This seems to be the opposite of a common question, which implies that maybe I'm missing something obvious.

I have a little app that displays some other page (from a different domain) inside an iframe, with my header on top. So far, so good. But when someone clicks a link on that inner page, it just navigates the iframe - I want it to navigate the entire page instead (including, and especially, updating the URL in the URL bar).

This is basically the opposite of clickjacking. I just want the navigation to work as if it weren't an iframe. Is there an easy way?


The content in the iframe can modify the link's target: use _parent or _top.

<a href='#aboutus' target='_parent'>About Us</a>

If the contents of the <iframe> are in a different domain you can't do it due to security reasons.
If you have access to the other domain and html code you could do something like this on the link:

  • 1
    this method might cause the iframe to display a textual message with the link href. The better answer was target='_parent' – orberkov Jun 15 '17 at 12:29
  • Downvoted in preference of the non-script-based solution; i.e. use of naturally provided feature of anchors having targets. (Notably: for sensible accessibility, indexability, …) – amcgregor Jul 3 at 13:58

This violates the same-domain origin policy if you don't control both the site inside and outside the iframe.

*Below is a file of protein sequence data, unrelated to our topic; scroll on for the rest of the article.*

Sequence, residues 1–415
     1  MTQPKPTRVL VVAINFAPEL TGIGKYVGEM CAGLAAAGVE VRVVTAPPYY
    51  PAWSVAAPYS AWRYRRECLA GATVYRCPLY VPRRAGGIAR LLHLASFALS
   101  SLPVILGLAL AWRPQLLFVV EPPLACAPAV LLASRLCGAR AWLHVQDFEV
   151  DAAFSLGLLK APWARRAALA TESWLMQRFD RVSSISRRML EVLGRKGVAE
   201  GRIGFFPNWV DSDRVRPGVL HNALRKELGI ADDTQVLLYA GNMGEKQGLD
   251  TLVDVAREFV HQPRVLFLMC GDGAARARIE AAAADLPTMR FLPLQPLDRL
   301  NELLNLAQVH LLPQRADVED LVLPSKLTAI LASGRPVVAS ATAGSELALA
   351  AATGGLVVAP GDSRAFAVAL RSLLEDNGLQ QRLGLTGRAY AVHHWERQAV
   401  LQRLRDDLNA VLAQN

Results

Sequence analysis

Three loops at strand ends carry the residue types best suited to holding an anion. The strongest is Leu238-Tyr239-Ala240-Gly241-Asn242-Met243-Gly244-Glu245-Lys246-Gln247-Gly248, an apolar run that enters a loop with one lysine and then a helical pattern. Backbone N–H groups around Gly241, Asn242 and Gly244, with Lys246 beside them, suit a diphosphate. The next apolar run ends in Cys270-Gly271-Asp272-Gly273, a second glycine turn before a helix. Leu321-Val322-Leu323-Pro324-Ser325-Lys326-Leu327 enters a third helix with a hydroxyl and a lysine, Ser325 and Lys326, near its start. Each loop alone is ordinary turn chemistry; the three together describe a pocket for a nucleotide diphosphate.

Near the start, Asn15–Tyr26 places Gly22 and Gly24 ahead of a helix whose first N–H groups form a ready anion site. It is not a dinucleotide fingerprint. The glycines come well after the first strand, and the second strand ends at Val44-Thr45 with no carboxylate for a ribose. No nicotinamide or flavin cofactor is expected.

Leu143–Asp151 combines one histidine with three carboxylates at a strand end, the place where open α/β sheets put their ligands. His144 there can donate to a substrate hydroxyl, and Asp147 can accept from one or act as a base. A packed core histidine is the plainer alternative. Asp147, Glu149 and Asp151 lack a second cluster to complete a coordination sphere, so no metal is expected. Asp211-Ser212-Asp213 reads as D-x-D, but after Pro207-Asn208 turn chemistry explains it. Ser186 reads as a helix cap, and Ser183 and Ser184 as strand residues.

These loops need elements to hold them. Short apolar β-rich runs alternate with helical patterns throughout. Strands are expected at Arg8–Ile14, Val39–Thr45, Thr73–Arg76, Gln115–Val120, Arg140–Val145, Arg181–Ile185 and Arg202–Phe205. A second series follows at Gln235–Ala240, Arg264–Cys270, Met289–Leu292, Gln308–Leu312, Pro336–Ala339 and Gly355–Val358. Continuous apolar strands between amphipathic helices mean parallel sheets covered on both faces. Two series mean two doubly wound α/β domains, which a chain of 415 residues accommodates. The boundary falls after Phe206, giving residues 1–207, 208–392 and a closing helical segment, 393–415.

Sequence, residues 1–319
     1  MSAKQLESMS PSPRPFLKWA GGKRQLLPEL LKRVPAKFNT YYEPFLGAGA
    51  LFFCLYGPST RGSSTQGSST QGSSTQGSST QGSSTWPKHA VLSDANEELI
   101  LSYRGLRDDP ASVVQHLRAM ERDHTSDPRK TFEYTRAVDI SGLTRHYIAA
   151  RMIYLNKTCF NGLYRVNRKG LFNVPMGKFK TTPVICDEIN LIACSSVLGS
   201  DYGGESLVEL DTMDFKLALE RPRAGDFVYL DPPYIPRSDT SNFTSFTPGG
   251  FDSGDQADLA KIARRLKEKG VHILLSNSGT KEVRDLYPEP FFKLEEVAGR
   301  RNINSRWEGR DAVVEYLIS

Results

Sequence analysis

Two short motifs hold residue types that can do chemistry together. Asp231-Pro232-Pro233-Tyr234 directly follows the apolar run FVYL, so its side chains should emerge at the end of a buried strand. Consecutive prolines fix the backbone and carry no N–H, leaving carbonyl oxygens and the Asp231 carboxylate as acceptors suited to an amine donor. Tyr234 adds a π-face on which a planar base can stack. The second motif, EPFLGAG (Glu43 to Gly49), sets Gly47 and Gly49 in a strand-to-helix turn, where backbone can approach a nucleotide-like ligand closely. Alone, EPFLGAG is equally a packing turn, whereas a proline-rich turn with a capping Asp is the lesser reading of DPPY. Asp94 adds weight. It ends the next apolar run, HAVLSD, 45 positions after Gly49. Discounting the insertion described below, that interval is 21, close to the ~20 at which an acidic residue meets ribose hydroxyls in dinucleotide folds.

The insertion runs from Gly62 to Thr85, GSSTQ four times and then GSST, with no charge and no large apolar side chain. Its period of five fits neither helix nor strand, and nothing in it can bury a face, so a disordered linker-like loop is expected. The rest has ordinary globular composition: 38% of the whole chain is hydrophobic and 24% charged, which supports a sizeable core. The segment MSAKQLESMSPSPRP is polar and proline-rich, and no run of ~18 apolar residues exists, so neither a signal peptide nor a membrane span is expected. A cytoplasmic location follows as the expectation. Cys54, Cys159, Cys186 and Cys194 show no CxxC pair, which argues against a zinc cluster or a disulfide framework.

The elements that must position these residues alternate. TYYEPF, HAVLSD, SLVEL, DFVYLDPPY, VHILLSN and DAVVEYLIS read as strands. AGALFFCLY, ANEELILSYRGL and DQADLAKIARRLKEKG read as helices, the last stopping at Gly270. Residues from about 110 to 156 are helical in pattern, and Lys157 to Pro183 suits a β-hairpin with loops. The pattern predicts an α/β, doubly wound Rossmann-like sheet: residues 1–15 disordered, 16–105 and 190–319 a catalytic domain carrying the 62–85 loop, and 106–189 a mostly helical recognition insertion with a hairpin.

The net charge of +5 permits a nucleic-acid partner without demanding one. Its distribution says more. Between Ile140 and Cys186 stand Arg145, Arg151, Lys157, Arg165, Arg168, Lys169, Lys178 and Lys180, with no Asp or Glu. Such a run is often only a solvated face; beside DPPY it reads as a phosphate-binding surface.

Imagine you put a user's bank inside the iframe. If you could register event handlers for things inside the frame (from outside), you could record the user's bank account number, watch the things they click for advertising purposes, misdirect them when they go to take certain actions you don't like... And the frame would show up as being a secured connection to their bank!

If it's your site inside the frame, it's possible, via handing the state through the server, or with the new(ish) HTML5 Web Messaging standard, or by manipulating parent.window from inside the frame.

  • I understand that I can't do quite a lot of things for security reasons, but it seems really mysterious to only allow "frame busting" if the inner site explicitly requests it. – apenwarr Feb 12 '12 at 7:09
  • @apenwarr It's easy to get a user to visit a malicious site. You don't want the malicious site to be able to "drive" an innocent third-party web page - that's a form of XSS. – Borealid Feb 12 '12 at 7:12
  • I'm not trying to drive anything - I literally just want my page to go away. If I can load a potentially-malicious page in an iframe, it's no more dangerous for that page to be the root page instead of a nested one. – apenwarr Feb 12 '12 at 7:27
  • 1
    Why don't you just link to the other page? Boom! Problem solved. – elclanrs Feb 12 '12 at 7:47

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